2 min

Microsoft has warned users about a credential-phishing campaign it has been tracking. The campaign uses open redirector links that Microsoft says Defender can thwart.

The company said in a statement that attackers combine the links and social engineering ploys impersonating well-known productivity tools and services. Users are lured into clicking the links and through a series of redirections (including a CAPTCHA verification to mimic legitimacy) are sent to a fake sign-in page.

The news comes from the Microsoft 365 Defender Threat Intelligence Team, who posted it in a blog on Thursday.

Redirect attacks

The open redirect used in the attack refers to when a web application allows an HTTP parameter to contain a user-supplied URL that makes the HTTP request be redirected to the referenced source.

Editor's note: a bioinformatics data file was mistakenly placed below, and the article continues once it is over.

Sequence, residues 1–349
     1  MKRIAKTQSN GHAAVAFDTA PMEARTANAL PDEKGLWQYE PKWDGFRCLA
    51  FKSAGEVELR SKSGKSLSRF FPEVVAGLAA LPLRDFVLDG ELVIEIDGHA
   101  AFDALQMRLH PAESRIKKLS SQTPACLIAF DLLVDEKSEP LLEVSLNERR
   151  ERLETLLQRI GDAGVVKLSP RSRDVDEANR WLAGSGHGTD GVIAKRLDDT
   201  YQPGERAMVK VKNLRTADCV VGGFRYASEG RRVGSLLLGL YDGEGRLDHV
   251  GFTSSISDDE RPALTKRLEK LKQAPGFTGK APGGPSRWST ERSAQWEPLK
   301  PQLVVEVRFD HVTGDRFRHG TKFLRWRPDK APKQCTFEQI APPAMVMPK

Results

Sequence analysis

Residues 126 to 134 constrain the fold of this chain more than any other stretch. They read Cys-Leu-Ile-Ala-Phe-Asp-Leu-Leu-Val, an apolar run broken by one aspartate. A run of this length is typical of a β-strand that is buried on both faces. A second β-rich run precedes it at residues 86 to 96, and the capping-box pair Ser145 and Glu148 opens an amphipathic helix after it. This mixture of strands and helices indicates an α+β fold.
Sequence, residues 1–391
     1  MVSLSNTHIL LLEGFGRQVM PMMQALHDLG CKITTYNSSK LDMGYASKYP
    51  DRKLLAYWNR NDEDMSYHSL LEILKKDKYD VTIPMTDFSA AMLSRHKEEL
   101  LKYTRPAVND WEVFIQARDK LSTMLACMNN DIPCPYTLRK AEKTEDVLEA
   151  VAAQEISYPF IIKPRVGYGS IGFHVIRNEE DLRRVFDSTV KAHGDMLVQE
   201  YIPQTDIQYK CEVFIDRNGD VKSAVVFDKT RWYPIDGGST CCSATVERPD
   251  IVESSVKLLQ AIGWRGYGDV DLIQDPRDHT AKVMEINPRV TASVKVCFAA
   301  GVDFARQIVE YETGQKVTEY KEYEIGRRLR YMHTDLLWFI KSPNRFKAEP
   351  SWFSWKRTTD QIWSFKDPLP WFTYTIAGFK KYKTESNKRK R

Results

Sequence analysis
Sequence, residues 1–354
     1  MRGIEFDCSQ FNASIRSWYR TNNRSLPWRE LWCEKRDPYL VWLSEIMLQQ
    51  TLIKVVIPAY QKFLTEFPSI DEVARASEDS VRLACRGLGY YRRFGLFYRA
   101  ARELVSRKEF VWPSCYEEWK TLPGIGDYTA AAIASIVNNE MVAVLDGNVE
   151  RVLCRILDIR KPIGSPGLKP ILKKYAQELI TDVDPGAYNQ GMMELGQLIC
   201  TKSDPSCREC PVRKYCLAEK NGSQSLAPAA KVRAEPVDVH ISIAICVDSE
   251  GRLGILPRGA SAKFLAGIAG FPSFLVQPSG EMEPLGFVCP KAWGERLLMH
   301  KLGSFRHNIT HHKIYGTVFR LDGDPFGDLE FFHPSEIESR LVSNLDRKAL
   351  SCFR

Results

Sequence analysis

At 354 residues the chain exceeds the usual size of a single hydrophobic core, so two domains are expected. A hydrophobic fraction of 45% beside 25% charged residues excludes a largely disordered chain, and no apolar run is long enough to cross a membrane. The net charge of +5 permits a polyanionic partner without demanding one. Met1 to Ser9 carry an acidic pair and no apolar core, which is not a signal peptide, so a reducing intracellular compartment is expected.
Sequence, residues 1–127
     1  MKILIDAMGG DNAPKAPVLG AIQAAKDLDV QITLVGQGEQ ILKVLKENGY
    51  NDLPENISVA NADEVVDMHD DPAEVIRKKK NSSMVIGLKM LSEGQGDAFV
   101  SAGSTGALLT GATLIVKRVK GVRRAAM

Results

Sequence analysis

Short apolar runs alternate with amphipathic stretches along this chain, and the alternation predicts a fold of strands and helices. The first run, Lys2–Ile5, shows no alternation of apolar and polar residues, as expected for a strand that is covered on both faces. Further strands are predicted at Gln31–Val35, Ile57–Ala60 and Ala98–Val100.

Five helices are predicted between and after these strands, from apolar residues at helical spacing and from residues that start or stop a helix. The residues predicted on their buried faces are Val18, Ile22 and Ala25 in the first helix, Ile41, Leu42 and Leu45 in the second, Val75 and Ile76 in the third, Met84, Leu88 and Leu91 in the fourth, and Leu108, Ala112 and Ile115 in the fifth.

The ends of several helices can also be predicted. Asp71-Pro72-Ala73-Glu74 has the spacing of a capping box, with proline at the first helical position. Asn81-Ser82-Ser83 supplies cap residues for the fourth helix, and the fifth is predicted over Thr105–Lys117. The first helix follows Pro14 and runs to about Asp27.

Microsoft says that open redirects have legitimate applications, especially in sales and marketing campaigns that lead customers to landing pages and collect web metrics. However, they are also commonly abused.

The messages in the campaign, according to Microsoft, follow a pattern. The generic lines used usually appear like so:

  • [Recipient username] 1 New Notification
  • Report Status for [Recipient Domain Name] at [Date and Time]
  • Zoom Meeting for [Recipient Domain Name] at [Date and Time]
  • Status for [Recipient Domain Name] at [Date and Time]
  • Password Notification for [Recipient Domain Name] at [Date and Time]
  • [Recipient username] eNotification

When opened, the message brings up a button to show the notification. The button links to a trusted domain appended with redirection parameters in a way that looks convincing to the casual user.

Less savvy users who do not understand URLs and appended parameters will almost always fall for this. Combined with the Google reCAPTCHA page, it creates the perfect con to dupe many users. Microsoft says that even though the attack is sophisticated, its Defender for Office 365 software offers adequate security against it.